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Non-beta-cell progenitors in pregnant mice and the origin and functionality of beta-cells after diabetic recovery in a c-Myc ablation model

By Sylvie Abouna


The debate regarding the contribution of adult stem/progenitor cells during normal growth and beta-cell regeneration is far from being resolved. Therefore, we addressed in two distinct situations the origin of new beta-cells. We exploited a Cre/loxP lineage tracing system to efficiently label beta-cells in double transgenic mice (Z/AP; RIPCreERTAM) to address the origin of new beta-cell during the beta-cell mass expansion in response to one and two pregnancies. Similarly, we examined origin of new beta-cell after diabetic recovery in triple transgenic mouse (Z/AP; RIPCreERTAM; pIns-c-MycERTAM). Finally we evaluated the functionality of regenerated beta-cells after diabetic recovery in the single pIns-c-MycERTAM mouse model by microfluorimetry, in collaboration with Dr P. Squires. We showed that the beta-cell functionality in the pIns-c-MycERTAM line was abnormal. Second, we showed that the human placental alkaline phosphatase label (HPAP) in the double and triple transgenic mice was 1) specific to beta-cells, 2) irreversible and heritable and 3) tamoxifen dose-dependant. Third, the analysis of the proportion of beta-cells labelled for HPAP in one pregnancy, showed that the HPAP labelling index of the non-pregnant animals (0.44±0.05) was greater that in the pregnant group (0.33±0.06),(paired two-tailed t-test, P-value 0.021), indicating a dilution of the label in pregnant animal pancreata. Furthermore the combined results of the mean HPAP labelling index in non-pregnant animals (0.44±0.12) and pregnant animals (0.33±0.09) in one and two pregnancies reinforced our results above by indicating that the difference between the two groups was considered extremely significant (paired, two-sided student t-test, P-value 0.0007). Likewise, we showed that two to three months after the tamoxifen pulse, beta-cells do not fully lose differentiation or transdifferentiate into other lineages of either endocrine or exocrine compartment. In conclusion, we demonstrated for the first time that non-beta-cell progenitors contribute significantly to the increase of the beta-cell mass in response to pregnancy in combination with pre-existing beta-cell self-duplication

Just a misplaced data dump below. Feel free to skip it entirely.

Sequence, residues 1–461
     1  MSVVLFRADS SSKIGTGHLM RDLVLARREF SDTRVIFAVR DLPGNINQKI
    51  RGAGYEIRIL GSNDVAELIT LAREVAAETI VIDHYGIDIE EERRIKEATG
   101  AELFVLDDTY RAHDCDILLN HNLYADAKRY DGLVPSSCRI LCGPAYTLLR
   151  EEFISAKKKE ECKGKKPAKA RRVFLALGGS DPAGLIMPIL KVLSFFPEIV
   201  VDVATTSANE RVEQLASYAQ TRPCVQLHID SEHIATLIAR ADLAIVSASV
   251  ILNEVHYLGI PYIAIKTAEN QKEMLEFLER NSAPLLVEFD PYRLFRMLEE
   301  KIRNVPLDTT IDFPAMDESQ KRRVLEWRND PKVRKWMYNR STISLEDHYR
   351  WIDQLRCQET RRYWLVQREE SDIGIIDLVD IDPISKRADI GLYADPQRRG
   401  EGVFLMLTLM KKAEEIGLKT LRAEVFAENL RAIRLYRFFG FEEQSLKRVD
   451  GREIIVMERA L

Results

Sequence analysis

Topics: QH426
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